Could Your Healthy Diet Make Me Fat

Sharmane Guo

Article Summary

In the article Could Your Healthy Diet Make Me Fat written by David S. Ludwig published on November 28, 2015 is about how diets may be genetically-influenced yet eating less processed carbohydrates is still the most effective advice. Ludwig argues that all diets must be personalized to be the "right" diet for a person. He mentions an Israeli study found insulin-30 levels to best predict how a person's diet may influence weight gain. This measured a person's insulin level 30 minutes after eating. Ludwig cites this study as a major source of information on how preconceptions of "healthy food" could be fattening or bad for some people therefore person-specific diets are for the future, but currently to emphasize the quality of carbohydrates to prevent obesity.

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Article Critique

Ludwig holds an MD/PhD from Stanford University School of Medicine, further education focused in pediatric endocrinology, published over 150 articles, is a current writer on JAMA, and founded the New Balance Foundation Obesity Prevention Center at Boston Children’s Hospital conducting research on how hormones may influence obesity. His article, published in the opinion section of the New York Times, is written emphatically on several points which Ludwig further supports with evidence from valid scientific studies. Ludwig was able to write eloquently to his audience which is not a science-based community. As a result, the article was readable yet contained solid background and supportive facts that easily convinced the reader of his main points about how personalized diets could be the future. Although the article did mention that eating less refined carbohydrates should remain the major emphasis in advice for losing weight, the article could have been bettered by showing such evidence. Ludwig abruptly ends his article with summation that personalized nutrition is not yet ready for clinical practice. He does mention the Nurses’ Health Study, which is highly credited in the health science community but fails to mention which specific study would be able to further support his point for his readers. Ludwig was able to provide ethos to the argument about personalized nutrition by citing the Israeli study, another clinical study, his own 2007 research, and an article in Obesity, as well as paralleling his point to the personalized medicine trend. In conclusion, Ludwig’s point on future personalized nutrition was well made, yet his point about the emphasis of eating less refined carbohydrates was poorly supported in contrast.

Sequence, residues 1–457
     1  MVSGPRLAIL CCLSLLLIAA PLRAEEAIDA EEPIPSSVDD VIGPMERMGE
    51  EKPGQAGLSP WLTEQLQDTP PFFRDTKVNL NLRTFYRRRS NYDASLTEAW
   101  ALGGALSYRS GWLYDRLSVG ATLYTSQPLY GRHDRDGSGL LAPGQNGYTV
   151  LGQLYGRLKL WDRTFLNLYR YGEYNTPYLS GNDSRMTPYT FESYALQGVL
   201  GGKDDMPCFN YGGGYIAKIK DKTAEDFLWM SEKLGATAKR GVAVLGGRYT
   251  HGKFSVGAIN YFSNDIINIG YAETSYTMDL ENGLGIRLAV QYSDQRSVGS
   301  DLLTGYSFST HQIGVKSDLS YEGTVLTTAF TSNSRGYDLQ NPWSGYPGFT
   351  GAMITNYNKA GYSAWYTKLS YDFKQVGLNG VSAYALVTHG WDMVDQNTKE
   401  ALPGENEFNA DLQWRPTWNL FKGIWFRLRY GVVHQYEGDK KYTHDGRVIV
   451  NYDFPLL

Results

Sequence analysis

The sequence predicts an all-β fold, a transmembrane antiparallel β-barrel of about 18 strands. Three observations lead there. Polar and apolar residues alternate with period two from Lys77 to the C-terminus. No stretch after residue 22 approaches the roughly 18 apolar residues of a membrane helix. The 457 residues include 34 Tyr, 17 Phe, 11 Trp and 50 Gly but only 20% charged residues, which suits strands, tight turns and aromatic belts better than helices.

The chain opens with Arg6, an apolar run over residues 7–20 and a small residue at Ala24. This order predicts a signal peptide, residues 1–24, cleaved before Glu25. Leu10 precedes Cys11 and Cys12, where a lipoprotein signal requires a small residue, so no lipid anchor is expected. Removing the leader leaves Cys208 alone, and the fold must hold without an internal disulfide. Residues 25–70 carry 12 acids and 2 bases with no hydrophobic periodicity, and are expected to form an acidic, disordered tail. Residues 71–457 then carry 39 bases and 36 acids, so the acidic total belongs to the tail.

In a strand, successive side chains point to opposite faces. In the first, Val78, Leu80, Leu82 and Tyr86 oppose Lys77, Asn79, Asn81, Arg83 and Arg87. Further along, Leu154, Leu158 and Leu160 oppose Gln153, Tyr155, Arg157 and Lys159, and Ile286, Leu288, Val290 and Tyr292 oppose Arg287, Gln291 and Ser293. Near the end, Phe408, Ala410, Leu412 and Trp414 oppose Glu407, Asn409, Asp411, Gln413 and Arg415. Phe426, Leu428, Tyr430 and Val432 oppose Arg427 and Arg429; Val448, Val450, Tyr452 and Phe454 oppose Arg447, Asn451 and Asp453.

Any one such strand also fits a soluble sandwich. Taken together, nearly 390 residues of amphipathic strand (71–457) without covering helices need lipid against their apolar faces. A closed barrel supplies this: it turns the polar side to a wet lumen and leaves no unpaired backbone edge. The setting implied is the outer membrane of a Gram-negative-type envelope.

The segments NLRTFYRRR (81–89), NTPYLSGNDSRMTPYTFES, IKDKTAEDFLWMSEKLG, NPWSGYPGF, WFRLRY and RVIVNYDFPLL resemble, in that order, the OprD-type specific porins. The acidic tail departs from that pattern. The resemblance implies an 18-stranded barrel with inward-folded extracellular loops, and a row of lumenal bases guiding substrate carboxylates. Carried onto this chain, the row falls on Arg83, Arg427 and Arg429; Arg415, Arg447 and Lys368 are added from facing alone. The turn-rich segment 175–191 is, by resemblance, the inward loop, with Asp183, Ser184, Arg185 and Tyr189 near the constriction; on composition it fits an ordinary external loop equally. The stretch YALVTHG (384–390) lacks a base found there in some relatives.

APA References

David Ludwig, MD, PhD. (n.d.). Retrieved December 2, 2015, from

Ludwig, D. (2015, November 28). Could Your Healthy Diet Make Me Fat? Retrieved December 2, 2015, from